The finale is a masterful threading of every plot. First, Walt has to thread the needle of a new deal with a meticulous client. Second, he has to be ready for the imminent birth of his daughter. Third, Walt's son, now ominously having cast off his father's name and going by Flynn, starts an online charity website to raise money for his father's next surgery, just as Walt's recent score brings in nearly half a million dollars, dollars which Walt can't spend or explain, of course, a fact which more and more irritates Walt. He is sacrificing so much for his family and not only does it alienate them from him, he gets no credit. The ever-ingenious Saul schemes to get a bot-net of computers to transfer Walt's money through indirect means into his son's charity. So impressive is the seemingly wild success of Flynn's scheme to save his dad that a news crew comes to the house for what becomes a bizarre and brilliantly orchestrated, darkly comic scene: the media praises Flynn for raising the money, which in reality was raised by Walt, who goes on to praise his father not for what he actually did, raise the money, but for the old virtues of being kind and patient and good, virtues he's since abandoned to save them. To top it all off, the misplaced and untimely recognition risks exposing Walt, on national television of all places.

    Meanwhile, Jesse is slipping deeper into addiction and taking Jane with him. When she finds out that Walter won't give Jesse his half of the million until he's clean, Jane sets up the climax by blackmailing Walt. After Walt shows up with the cash he tries to reason with Jesse, but Jane slams the door in his face. Despondent, and adding but one more white lie, Walt sneaks off to a bar where he runs into, unbeknownst to him, Jane's dad. They commiserate a bit, each talking about what they do and want to do for their kids. (Alas by now Walt is acting more like a father to Jesse than to Walt Jr. aka Flynn, whose receiving the credit for saving the family has driven a wedge between father and son.) The setup is obvious right? Jane's dad accidentally spurs Walt to go back and reason with Jesse, and in doing so accidentally saves his daughter.

    As Walt stands over the intoxicated lovers, curled up like little children, we see a paternal Walt. His daughter has just been born, he's saving his family and foregoing esteem. Then Jane starts to vomit and choke from the drugs. Walt motions to turn the girl on her side, but pauses, and we realize as he looks on and lets her die, that he's turned a terrible corner. The turn is at once shocking yet in retrospect, inevitable, for every incident led to it: Walt's commitment to Jesse and to his own family, Jane falling for Jesse, Jane's father not giving up on her.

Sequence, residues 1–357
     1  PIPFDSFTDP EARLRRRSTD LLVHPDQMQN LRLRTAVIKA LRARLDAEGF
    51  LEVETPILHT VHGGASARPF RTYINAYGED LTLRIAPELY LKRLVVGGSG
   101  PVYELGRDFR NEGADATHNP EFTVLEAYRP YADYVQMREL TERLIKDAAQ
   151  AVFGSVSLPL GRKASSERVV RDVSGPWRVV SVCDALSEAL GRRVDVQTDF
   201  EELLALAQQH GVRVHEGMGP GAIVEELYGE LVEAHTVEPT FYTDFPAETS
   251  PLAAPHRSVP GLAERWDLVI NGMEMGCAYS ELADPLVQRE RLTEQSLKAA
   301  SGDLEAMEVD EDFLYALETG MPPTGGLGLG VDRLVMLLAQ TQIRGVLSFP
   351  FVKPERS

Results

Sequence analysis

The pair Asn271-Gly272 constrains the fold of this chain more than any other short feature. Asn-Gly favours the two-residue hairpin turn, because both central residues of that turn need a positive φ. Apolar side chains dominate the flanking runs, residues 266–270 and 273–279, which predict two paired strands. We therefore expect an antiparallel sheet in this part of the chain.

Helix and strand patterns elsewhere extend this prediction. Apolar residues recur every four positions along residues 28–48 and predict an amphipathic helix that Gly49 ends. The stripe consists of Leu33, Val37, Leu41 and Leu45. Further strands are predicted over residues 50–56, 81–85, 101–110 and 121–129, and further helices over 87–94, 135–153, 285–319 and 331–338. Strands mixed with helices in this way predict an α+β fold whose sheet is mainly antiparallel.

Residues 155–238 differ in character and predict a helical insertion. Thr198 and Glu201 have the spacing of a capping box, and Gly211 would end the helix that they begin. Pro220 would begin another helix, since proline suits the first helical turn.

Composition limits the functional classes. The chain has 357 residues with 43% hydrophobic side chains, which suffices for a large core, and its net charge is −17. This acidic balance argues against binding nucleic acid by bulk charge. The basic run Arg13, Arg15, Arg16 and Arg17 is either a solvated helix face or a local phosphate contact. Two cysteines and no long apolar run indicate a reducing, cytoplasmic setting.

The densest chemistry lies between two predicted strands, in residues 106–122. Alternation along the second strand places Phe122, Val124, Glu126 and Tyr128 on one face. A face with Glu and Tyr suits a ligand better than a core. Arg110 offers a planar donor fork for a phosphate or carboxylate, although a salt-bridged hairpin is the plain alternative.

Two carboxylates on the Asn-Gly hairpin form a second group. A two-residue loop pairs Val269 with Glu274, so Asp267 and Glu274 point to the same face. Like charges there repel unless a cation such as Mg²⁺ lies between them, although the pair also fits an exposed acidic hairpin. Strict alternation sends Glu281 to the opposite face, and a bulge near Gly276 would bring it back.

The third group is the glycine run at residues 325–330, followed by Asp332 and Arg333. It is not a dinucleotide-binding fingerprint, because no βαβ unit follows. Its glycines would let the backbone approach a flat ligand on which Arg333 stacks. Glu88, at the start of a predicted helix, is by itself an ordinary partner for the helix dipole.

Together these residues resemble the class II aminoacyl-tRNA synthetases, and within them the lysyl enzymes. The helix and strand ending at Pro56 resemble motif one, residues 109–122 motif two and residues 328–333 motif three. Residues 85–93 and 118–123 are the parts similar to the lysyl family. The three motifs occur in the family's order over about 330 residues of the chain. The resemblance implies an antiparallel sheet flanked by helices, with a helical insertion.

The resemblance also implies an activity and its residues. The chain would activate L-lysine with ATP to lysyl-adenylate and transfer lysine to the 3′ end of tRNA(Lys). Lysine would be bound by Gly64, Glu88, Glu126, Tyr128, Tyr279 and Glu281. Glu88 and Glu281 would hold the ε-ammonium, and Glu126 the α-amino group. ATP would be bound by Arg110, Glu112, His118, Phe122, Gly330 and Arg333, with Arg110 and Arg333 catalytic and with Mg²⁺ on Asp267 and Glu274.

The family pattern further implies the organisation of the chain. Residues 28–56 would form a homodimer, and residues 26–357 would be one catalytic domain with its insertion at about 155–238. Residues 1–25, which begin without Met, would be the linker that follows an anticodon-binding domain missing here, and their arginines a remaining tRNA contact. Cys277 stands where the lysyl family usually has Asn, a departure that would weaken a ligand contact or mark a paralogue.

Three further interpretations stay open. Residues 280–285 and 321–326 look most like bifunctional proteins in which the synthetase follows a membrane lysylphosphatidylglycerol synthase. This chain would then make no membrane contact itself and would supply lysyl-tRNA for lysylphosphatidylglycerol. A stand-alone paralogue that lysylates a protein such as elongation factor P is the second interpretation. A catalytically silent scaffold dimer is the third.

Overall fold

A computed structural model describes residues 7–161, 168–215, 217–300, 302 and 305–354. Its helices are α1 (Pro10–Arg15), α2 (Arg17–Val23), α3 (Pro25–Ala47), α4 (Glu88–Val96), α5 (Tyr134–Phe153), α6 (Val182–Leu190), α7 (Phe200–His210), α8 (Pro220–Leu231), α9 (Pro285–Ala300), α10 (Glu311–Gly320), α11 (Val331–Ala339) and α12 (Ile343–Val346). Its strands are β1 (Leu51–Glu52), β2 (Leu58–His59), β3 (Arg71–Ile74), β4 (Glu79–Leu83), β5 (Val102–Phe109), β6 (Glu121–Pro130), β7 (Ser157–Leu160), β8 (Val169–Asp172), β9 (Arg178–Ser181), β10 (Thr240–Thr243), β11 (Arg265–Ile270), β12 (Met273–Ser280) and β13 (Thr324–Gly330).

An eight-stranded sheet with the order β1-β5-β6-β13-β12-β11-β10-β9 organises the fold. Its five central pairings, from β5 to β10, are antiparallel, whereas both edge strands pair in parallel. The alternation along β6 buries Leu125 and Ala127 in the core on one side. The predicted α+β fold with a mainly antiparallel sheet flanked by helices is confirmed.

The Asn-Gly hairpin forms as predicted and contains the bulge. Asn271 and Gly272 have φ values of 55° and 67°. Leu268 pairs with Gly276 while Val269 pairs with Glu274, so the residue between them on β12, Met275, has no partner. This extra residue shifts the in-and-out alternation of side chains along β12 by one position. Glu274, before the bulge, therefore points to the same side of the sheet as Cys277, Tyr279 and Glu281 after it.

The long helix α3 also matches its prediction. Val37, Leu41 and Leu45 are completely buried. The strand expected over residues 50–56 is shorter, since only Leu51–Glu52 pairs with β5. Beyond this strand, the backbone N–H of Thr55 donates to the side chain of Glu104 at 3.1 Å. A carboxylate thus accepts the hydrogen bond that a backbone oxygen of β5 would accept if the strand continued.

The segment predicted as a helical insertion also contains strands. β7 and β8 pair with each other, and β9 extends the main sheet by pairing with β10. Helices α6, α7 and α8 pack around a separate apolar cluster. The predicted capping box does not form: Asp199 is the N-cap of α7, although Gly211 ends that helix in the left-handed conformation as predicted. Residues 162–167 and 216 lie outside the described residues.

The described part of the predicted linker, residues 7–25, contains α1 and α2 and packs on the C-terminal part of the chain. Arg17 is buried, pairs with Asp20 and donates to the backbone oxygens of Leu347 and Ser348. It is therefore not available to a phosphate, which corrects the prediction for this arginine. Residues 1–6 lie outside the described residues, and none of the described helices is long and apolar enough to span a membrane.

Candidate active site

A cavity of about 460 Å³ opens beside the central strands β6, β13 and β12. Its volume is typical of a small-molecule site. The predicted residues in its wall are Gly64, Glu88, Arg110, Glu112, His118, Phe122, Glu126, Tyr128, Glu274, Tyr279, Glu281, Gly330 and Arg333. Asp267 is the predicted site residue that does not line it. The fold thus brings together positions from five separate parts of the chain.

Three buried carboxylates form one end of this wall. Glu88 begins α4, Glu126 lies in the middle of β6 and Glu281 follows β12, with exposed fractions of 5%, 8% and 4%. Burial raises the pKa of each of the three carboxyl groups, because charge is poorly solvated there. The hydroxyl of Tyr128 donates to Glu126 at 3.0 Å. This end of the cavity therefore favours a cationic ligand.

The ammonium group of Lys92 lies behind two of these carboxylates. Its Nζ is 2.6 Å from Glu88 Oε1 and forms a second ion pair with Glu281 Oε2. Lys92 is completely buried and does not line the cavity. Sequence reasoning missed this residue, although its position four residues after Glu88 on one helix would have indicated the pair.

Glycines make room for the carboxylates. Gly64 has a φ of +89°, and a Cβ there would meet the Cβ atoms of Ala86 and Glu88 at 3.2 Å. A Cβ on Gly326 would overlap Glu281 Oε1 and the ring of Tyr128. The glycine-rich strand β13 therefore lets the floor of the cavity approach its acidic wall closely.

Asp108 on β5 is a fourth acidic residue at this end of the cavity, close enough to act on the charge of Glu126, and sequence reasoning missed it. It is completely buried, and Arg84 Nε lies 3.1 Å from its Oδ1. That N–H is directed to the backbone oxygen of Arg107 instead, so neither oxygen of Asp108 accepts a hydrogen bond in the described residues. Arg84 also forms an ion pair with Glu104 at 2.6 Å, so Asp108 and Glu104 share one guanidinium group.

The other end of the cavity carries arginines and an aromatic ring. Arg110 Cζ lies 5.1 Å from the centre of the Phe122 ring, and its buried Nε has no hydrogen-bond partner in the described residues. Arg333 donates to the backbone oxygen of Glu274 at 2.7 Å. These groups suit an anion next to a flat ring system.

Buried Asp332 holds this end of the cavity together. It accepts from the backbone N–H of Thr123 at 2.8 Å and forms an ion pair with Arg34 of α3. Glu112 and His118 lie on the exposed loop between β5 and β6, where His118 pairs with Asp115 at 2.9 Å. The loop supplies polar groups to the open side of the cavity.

The parallelisms to which we're accustomed now grow terrible. Walt gently props his newborn daughter up in bed while he lets Jane die. He cradles his daughter as he does Jesse. He lays his daughter out on the bed to change her while Jane's father lays out the dress for his daughter's funeral. Jesse falls into torturous despair, blaming himself for Jane's death which is in some significant way Walt's fault too, while Walt's actual son gets credit for the good that Walt did.

    Then the ultimate end for a season of tension and deceit. Walt's last was one too many lies, and Sklyer, with Walt's most recent surgery successful and having given birth to a healthy girl, leaves Walt, afraid of the truth behind his lies. Then as Jane's father, despondent over the loss of his daughter, fails at his air traffic control job, two planes collide over the city. By his own attempt to save his family, Walt has rained chaos, death, destruction, suffering, and dissolution down on everyone around him, and only, in the end, did he preserve himself, whom he was most ready to sacrifice.